Who is our enemy? Someone in the New Testament, a lawyer, I believe, did once inquire, "But who then is my neighbor?" His neighbor turned out to be, in the Samaritan parable, the man most in need, whom we help. The man beaten by robbers, presumably, did have enemies, namely, the robbers. But he was not the enemy of the Levite or Pharisee or the Samaritan himself. Evidently, no one ever asked, "Who is my enemy?", because this was considered to be obvious. In the New Testament, moreover, the world is never conceived to be populated only with friends and neighbors, of only those who love us. Indeed, the world of only those who love us, of the publicans and sinners, seems rather a dangerous one. The doctrine of the love of enemies is not construed to mean that no enemies exist, that they are an illusion that merely requires some sort of mental therapy to set our vision straight. The New Testament is inexplicable on the grounds that Christ had no enemies, that no one hated him. If there were no real enemies, the admonition to love them would be senseless, devoid of object. Christ's last words, "Father, forgive them for they know not what they do", were not intended to exonerate his executioners but precisely to forgive them. If they really did not know in any sense what they did, they would, of course, have had no need of forgiveness. Forgiveness is only operative where there is freedom and violation and knowledge.

-- PSOB, 104-05.


Why is it that I love my own enthusiasms, but cannot bare those of others?

-- UMLTC, 8.


Christianity holds that even the most insignificant life is infinitely worthwhile. Indeed, this remains the most optimistic and positive belief about ordinary man in our time. The major reason for disbelief in Christian doctrine today is that it exalts the world and man too much, gives him too great a glory. All of our secular philosophies allow us to be content with too little. To expect as much from life and death as the Christian does is held to be "irrational" and absurd. To wipe out such "illusions" is said to be the essence of wisdom. Festivity, however, means that we can accept the whole history comprehended in the dates of birth and death as not being finally a defeat or a nothingness but as the beginning of a glory and a greater glory. This makes everything as a result meaningful. Everything defies nothingness.

-- FTEP, 95.


No examined life ... is worth living unless it includes an account of evil as part of its own history, beginning with itself and extending to the cosmos. Yet evil remains a mystery, a maddening one, however careful we are to clarify its core, an endeavor, as Plato reminded us, which is itself, philosophically, good. Even if we should know of "evil" by our own doing of it, we should still "know" it even by intelligent reflection on our own deeds or those of others. The cost of misconceiving evil, moreover, is heavy. When we minimize its presence, surely the temptation of philosophic modernity ..., we end up by trivializing human (and divine) actions and standards so that nothing makes any difference anyhow: Bergen-Belsen differs from Mother Teresa's Calcutta simply by virtue of subjective preference or mere external power. When we hypostatize evil, however, in the noble hope of ridding ourselves of it forever, we tend to identify evil with specific persons, nations, classes, or even angelic beings, to justify their eradication in order eliminate evil completely, so that our own lives may be pure. The classic doctrine that evil was rather a "privation" than a substance was designed, in part, to prevent this dangerous result.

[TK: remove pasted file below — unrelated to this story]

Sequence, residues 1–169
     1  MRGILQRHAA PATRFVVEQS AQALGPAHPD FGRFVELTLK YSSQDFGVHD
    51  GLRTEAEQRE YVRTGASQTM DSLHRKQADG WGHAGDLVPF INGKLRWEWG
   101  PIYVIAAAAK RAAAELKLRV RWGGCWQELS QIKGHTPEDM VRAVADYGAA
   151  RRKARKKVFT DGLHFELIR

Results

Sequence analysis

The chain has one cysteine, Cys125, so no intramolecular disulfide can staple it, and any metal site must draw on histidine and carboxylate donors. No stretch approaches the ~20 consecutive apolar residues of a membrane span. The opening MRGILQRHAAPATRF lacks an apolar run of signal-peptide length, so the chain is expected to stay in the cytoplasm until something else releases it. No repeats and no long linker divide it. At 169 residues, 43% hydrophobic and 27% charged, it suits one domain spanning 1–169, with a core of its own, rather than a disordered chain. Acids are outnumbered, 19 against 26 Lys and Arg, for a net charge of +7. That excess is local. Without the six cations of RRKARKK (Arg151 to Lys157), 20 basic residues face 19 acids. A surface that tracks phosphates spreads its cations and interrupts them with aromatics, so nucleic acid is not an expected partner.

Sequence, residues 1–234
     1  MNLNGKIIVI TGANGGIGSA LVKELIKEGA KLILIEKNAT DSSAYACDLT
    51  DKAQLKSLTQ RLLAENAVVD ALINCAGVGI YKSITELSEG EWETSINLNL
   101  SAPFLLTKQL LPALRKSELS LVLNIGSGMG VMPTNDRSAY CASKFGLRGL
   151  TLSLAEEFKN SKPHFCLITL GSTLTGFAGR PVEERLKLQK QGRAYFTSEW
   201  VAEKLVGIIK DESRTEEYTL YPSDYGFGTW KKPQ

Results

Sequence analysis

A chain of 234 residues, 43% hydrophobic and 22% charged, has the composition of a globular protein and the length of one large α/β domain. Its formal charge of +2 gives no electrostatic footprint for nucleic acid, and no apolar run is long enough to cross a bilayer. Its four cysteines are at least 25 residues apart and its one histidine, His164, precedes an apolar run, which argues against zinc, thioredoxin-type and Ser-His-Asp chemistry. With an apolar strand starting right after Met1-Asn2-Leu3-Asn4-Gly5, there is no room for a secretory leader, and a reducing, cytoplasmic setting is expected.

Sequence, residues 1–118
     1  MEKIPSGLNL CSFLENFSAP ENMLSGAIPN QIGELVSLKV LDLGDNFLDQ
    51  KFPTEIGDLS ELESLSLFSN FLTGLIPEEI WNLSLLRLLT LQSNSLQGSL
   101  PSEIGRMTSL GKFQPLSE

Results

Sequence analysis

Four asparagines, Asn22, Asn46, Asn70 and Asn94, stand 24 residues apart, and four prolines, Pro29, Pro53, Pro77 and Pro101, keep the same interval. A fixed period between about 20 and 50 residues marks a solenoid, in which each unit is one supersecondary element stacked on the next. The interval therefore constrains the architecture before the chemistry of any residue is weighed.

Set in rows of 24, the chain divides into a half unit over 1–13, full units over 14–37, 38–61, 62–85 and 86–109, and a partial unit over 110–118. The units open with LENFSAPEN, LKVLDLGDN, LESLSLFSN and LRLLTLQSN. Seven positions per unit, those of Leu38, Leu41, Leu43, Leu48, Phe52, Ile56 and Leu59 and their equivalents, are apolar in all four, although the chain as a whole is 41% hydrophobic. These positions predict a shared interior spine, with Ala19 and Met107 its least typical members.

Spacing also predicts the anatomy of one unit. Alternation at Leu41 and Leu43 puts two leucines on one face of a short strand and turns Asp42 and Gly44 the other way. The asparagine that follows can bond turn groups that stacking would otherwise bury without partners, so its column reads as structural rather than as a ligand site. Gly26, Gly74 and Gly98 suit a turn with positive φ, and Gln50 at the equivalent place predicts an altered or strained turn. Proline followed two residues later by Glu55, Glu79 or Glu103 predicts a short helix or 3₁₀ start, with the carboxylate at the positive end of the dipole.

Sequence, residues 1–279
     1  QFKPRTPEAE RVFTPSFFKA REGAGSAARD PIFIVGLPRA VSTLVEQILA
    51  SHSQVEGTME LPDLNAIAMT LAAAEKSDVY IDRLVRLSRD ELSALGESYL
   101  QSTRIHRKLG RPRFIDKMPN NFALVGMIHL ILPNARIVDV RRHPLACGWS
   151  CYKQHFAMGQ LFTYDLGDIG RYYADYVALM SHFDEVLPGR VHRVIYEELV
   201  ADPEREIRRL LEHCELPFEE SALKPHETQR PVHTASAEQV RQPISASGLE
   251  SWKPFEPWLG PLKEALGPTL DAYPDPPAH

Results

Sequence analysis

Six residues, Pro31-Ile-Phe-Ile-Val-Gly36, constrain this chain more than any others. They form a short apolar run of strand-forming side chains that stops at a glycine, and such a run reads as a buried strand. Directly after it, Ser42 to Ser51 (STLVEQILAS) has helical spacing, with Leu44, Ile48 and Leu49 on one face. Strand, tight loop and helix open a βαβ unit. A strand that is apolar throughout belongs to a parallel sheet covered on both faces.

-- ASL, 112-13.

The locus of evil ... is not primarily in finitude. Beings less than God are precisely "good". The force of evil is to be discovered, in a Christian view, in the power of the will within all rational creatures. This (position) means that real evil need not exist. Perhaps a cosmos without it is conceivable. When evil does appear, however, it is chosen. This (chosenness) is what gives the true dramatic, both tragic and comic, noble and ordinary qualities to existence. And to this corresponds the gradation of good and evil in the objective order. Since evil is chosen, then, it can likewise be "unchosen", except to the degree free choice can permanently fix itself in its own selected world, a world discussed under the scriptural rubric of hell....